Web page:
About 1 in 8 women in the UK are diagnosed with breast cancer during their lifetime. If it’s detected early, treatment is more successful and there’s a good chance of recovery.
Breast screening aims to find breast cancers early.
Women aged 50 to 70 are invited for breast screening every 3 years.
You’ll automatically get your first invite for breast screening between the ages of 50 and 53. You will then be invited every 3 years until you turn 71.
Though you will stop being invited after 71, if you are still at risk of breast cancer you can continue to have breast screening every 3 years by asking for an appointment at your local breast screening unit.
If you are a trans man, trans woman or are non-binary, you will be invited if you are registered as female with at a GP. If not, you may need to talk to your GP surgery or call your local breast screening service to ask for an appointment.
Screening can help to identify cancer earlier than it would have been without screening.
Most experts agree that regular breast screening is beneficial in identifying breast cancer early.
It does not prevent you from getting breast cancer, but the earlier the condition is found, the more likely treatment will be successful.
You are less likely to need a mastectomy (breast removal) or chemotherapy if breast cancer is detected at an early stage.
Breast screening uses an X-ray test called a mammogram to check the breast for signs of cancer. It can spot cancers that are too small to see or feel.
You will be given somewhere private to undress to the waist. It may be easier to wear a skirt or trousers instead of a dress.
The mammographer will first explain what will happen. She will then place each breast in turn onto the mammogram machine and lower a plastic plate onto it to flatten it. This helps to keep the breast still and get clear X-rays.
The mammographer will usually take two X-rays of each breast — one from above and one from the side. She will go behind a screen while the X-rays are taken. You have to keep still for several seconds each time.
The mammogram only takes a few minutes, and the whole appointment takes less than half an hour.
Having a mammogram can be uncomfortable, and some women find it painful. You are in control – if you find the process too painful then you should tell the mammographer. Usually, any discomfort passes quickly.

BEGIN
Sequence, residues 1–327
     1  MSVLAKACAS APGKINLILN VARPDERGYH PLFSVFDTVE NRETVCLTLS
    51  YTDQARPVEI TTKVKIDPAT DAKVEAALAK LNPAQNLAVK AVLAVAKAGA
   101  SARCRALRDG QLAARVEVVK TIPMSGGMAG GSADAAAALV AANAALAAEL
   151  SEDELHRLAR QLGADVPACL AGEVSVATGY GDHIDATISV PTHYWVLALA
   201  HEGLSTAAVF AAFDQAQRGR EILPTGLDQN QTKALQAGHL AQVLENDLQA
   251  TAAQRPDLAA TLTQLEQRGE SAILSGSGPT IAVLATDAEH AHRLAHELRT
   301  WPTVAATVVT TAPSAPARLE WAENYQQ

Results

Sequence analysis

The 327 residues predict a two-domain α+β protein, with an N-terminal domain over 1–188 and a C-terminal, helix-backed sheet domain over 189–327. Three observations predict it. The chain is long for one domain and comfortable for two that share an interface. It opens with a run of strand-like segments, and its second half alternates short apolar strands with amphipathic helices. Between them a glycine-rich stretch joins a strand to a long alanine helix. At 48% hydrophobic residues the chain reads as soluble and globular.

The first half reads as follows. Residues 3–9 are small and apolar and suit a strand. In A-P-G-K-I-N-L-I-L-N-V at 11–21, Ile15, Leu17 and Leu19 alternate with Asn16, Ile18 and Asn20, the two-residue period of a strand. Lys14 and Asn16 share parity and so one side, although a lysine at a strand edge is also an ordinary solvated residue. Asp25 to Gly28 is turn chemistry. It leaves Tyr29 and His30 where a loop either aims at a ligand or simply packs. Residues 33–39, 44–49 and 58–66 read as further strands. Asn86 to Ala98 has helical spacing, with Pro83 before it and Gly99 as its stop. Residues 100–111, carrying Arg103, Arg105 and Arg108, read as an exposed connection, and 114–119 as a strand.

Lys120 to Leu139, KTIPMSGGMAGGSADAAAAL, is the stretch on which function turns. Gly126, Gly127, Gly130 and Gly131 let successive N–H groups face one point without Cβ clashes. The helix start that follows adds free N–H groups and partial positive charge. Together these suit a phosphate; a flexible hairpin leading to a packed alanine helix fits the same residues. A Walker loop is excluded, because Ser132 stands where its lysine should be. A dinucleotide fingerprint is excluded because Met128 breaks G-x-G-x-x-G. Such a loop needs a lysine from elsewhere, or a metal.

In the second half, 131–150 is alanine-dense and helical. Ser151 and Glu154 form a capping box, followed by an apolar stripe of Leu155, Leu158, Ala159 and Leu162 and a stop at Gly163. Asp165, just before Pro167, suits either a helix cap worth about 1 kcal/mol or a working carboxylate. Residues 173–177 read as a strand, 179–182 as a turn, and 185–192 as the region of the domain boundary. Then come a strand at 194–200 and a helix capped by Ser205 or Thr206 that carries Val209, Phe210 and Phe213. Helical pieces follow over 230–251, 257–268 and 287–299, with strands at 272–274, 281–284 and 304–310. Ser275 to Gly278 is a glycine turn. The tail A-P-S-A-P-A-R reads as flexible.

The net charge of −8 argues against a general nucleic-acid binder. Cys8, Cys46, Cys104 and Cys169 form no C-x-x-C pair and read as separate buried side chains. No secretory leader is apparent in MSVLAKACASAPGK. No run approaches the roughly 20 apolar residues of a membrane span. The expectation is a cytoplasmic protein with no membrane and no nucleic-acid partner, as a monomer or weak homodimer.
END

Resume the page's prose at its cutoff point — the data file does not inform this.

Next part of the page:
You will be called for screening every 3 years. If you are not sure if you have missed your invitation, ask at your GP practice.
Your local breast screening centre will send you a letter offering you an appointment to attend for screening.
If you cannot attend the appointment time you have been given, you can ring and ask to change it. Some screening centres may be able to offer an alternative venue if that is more convenient.
Depending on where you live, your appointment will take place either at a hospital, or at one of the mobile units you may see parked outside GP surgeries or community centres.
After your breasts have been X-rayed, the mammogram will be checked for any abnormalities.
Your screening results will be sent to you in the post within 2 weeks of the appointment. They are also sent to your GP.
There are 3 types of result:
Normal Result: in about 96 out of every 100 women screened, the mammogram will show no sign of cancer. You will be invited to screening again in 3 years. Remember that cancer can still develop between mammograms, so , in the meantime, tell your GP straight away if you notice any changes in your breasts.
Unclear result: this is nothing to worry about. Sometimes technical problems mean that the mammogram is not clear enough to read, so occasionally you could need another mammogram.
Abnormal Results: about 4 in every 100 women are asked to come back for more tests after screening. Out of these 4 women, 1 will be found to have cancer and will go on to have treatment. The rest will not have cancer and will go back to having screening invitations every 3 years.
Further tests may include a breast examination, more mammograms and ultrasound scans.
You may also have a biopsy, which is when a small sample is taken from the breast with a needle and checked under a microscope . You will usually get your results within a week.
To help you know what to expect, you can watch these short videos from our cancer information library: